The documentaries, four of which have previously featured in an abridged mini-series on Discovery Channel Canada, were created by the Bermuda Environmental Alliance (BEA).
Sets of the DVDs are being considered for distribution to schools on the Island as an educational learning aid.
Two of the shows have never been seen before one covers the wonders of Cooper’s Island nature reserve and the other looks at problems and solutions associated with trash disposal.
The other four documentaries, featuring rainwater catchment, Bermuda’s caves, the cahow and biodiesel from sea algae, have previously been aired on VSB TV.
BEA founding director Sangita Iyer is delighted at the prospect of the documentaries being used as educational aids in schools.
“I hope to tour the middle and secondary schools in October and connect with young Bermudians to try and inspire them to become more engaged in environmental issues,” she said.
“Our aim is to connect the students to Bermuda’s unique ecosystems and eco-heroes like Jeremy Madeiros and Dr David Wingate, so students may be inspired to follow their footsteps and become engaged in protecting the Island’s natural treasures.”
BEA director David Ezekiel said: “The DVDs maintain the high standard of the five-minute shorts which aired on Discovery Channel Canada.
“The ‘Slash the Trash’ animated video is a brilliant departure which works wonderfully and is rightfully receiving acclaim from all who see it.”
The BEA is holding a gala, ‘A Caribbean Night for Planet Earth’, on October 13 at the Fairmont Hamilton. It will launch the ‘Bermuda Nature’s Jewel’ DVD series at that event.
Among the guests of honour will be Governor Sir Richard Gozney and Lady Gozney and Discovery Channel Canada president Paul Lewis.
Mr Ezekiel said: “The gala is not just a fundraiser but gives our supporters a chance to learn a bit more about what we do in an enjoyable environment. It also gives us a chance to showcase some local talent and to recognise many of our sponsors and volunteers.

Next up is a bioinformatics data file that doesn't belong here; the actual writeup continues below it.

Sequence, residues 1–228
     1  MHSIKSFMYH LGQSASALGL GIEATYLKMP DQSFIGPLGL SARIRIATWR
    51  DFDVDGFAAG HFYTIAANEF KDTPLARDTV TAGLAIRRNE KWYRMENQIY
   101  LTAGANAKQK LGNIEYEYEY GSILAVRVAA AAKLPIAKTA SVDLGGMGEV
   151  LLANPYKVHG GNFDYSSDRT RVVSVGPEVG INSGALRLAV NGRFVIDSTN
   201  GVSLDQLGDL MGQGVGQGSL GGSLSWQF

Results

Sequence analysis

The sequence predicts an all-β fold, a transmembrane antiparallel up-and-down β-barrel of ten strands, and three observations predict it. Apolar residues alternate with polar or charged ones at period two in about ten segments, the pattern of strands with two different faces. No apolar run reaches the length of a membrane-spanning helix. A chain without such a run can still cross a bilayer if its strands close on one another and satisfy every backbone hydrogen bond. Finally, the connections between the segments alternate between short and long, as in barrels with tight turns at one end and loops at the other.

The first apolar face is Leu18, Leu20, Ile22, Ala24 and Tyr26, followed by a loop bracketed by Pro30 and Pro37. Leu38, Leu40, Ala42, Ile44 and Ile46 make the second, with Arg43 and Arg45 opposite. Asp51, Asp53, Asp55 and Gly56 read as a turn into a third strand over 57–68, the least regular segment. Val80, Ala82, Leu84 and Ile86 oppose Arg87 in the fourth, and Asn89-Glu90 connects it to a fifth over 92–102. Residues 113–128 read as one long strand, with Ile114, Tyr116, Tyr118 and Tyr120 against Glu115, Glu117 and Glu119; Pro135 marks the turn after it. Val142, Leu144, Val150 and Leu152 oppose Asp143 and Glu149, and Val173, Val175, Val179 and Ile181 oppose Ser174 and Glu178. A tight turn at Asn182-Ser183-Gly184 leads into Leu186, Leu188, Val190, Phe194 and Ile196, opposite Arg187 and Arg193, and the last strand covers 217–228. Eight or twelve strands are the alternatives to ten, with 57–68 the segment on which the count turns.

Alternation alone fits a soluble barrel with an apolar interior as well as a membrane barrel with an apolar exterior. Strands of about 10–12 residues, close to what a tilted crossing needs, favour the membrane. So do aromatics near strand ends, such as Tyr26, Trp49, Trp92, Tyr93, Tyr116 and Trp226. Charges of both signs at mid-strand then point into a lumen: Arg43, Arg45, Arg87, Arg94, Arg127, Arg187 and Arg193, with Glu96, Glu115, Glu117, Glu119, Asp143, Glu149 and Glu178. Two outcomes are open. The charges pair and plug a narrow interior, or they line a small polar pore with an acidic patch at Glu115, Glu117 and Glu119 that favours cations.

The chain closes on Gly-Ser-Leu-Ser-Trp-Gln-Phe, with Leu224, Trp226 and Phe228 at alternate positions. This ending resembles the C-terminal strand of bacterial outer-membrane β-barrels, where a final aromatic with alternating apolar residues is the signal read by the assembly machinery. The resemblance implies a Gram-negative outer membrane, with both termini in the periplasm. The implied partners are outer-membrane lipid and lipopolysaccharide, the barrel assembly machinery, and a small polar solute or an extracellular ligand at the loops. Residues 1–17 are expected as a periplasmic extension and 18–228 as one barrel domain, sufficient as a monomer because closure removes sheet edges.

“The presence of the Governor and Discovery Channel president Paul Lewis is a wonderful plus for the BEA. We expect a big increase on last year’s banquet, which speaks volumes for our supporters in the midst of a difficult economic climate.”
Explaining the Caribbean theme, Ms Iyer said: “Island nations are very much impacted by global climate change. We are already seeing drastic weather patterns such as intense hurricanes and storm surges.”
She said that although Bermuda is not in the Caribbean it has strong links to the region, adding: “The food and music [at the gala] will absolutely reflect the culture, and our feature documentary the ‘Cooper’s Island Nature Reserve’ will establish the environmental connection.”
Mr Ezekiel is confident the BEA, whose mission is to create awareness of environmental issues through education and global exchange of information by using visual and social media, will continue to thrive.
He said: “I am extremely proud of how far the BEA has come in a short period, and it’s taken a lot of hard work from the board, our advisory council headed by Phil Butterfield, our volunteers, and the unrelenting drive and passion of our executive director Sangita Iyer.
“It, however, starts anew each day and we continually challenge ourselves to attract supporters who see the value in what the BEA is trying to do.”
For the original report go to http://www.royalgazette.com/article/20111001/NEWS07/710019970